What is the Refresh Rate?
The refresh rate is the number of frames per second the television can display. Its unit is a Hertz, which is equal to 1/second. 120Hz means it can draw 120 images per second.
The refresh rate of televisions is misleading and is mixed with marketing lies. The increased refresh rate (120Hz and higher) was introduced by manufacturers as an indirect way to reduce the motion blur problem of LCDs and LEDs. However, the response time of 120Hz and 240Hz TVs is usually the same as 60Hz ones.
Additionally, manufacturers are inflating the advertised refresh rate number like with Samsung's Clear Motion Rate as explained in the next page of this article.
To prove that a 120Hz TV does not reduce motion blur, we filmed in slow motion a 60Hz TV next to a 120Hz one when displaying a Blu-ray movie. As you can see, the amount of blur is exactly the same.
The same is true for video games. Video consoles games (even the Xbox One and PS4) displays at maximum 60 frames per second. When displaying this on a 120Hz TV, the panel just draws each frame twice, so it doesn't reduce the blur.
Does the refresh rate mean the same thing for an LCD, LED and Plasma?
No. An LCD/LED panel retains the picture for the entire frame duration. This is called the sample and hold method. A plasma TV works differently. It uses very short pulses to draw the picture. For each frame, it emits a series of pulse depending on the intensity of the colors.
When LCD TVs started advertising higher refresh rates meant to reduce motion blur, plasma TVs manufacturers didn't want to appear obsolete even though they display better motion by default. To keep up with their marketing, they started including a number in Hz. This number is not the amount of frames per second it can display, but the inverse of the duration of a small pulse. For example, a 600Hz plasma means its pulse length is 1/600 second, even though it only draws 60 frames per second.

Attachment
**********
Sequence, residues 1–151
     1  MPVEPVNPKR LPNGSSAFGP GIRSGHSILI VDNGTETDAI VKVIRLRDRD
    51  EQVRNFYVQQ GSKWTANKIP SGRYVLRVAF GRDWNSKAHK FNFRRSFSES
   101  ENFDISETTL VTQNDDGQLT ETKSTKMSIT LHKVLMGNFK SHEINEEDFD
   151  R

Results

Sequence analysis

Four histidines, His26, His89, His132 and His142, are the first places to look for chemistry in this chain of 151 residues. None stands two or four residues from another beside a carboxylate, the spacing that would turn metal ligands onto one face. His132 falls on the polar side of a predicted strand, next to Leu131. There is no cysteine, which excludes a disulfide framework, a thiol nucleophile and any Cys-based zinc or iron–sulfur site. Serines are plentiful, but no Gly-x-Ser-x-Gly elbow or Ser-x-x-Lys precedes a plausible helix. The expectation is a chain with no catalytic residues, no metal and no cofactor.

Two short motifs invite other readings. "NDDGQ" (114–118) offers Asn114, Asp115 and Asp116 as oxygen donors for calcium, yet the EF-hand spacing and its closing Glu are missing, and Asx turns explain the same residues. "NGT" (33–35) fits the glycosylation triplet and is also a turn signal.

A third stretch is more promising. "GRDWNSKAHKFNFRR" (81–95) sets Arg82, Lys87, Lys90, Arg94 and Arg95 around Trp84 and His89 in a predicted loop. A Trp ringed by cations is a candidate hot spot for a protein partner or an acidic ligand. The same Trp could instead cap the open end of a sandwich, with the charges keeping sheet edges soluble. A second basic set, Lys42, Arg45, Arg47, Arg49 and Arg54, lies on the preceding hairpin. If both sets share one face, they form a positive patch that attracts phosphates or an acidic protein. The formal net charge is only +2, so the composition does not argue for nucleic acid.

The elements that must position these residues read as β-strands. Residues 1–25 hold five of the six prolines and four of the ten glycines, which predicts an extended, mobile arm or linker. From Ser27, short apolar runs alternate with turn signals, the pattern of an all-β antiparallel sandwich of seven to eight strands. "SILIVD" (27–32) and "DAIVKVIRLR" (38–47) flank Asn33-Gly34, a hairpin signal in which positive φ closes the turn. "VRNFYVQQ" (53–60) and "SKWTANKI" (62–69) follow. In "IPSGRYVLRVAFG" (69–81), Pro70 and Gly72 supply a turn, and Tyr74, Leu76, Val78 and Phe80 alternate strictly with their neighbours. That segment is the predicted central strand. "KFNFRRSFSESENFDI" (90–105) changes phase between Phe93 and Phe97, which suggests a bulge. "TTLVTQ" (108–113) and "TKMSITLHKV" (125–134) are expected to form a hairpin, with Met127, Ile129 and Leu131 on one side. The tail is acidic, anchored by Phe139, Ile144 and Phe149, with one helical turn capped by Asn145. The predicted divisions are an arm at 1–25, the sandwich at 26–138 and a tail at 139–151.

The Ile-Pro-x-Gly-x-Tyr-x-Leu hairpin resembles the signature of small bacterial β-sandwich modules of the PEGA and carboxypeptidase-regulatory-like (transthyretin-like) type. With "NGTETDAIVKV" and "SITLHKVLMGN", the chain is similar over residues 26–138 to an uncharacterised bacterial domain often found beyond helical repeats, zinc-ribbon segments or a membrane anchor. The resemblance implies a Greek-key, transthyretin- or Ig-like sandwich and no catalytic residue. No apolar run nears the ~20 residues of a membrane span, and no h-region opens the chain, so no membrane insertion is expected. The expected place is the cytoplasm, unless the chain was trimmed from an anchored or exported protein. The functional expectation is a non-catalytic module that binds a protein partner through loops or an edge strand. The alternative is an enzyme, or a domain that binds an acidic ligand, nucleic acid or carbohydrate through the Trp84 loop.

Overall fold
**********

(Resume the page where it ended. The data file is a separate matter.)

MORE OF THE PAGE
Displaying a 120fps signal on a 120Hz+ television
As of 2013, there is no television officially supporting a true 120 frames per second signal as an input. Even a real 120Hz or 240Hz television does not support a source of 120fps. They can only display at that speed frames created by themselves using motion interpolation. For example, you can feed a television a 1080p @ 24Hz signal, which it will up convert to 1080p @ 120Hz internally; but you cannot feed it directly a 1080p @ 120 signal.
Despite the fact that the HDMI version 1.4 added support for 1080p @ 120Hz, there is no content available to display on a TV at that frame rate. Only a computer can generate this high frame rate. This will not change anytime soon. Gaming consoles are limited to only 60fps, even the PS4 and Xbox One. Movies are being shot at 24 fps. The first movie shot in 48fps is The Hobbit and it is only available at that speed in some specific theaters.
For TVs, the refresh rate means nothing, especially with manufacturers inflating their numbers. A high refresh rate TV does not guarantee it to be motion blur free. Even for console gaming, there is no advantage to a 120Hz+ TV because the console video games are capped at 60 fps anyway.
For gaming on a PC though, a higher refresh rate monitor is definitely worth it if you have a strong enough graphic card.
The next pages of this article explains two features usually found on 120Hz+ TVs, but they are irrelevant to gaming.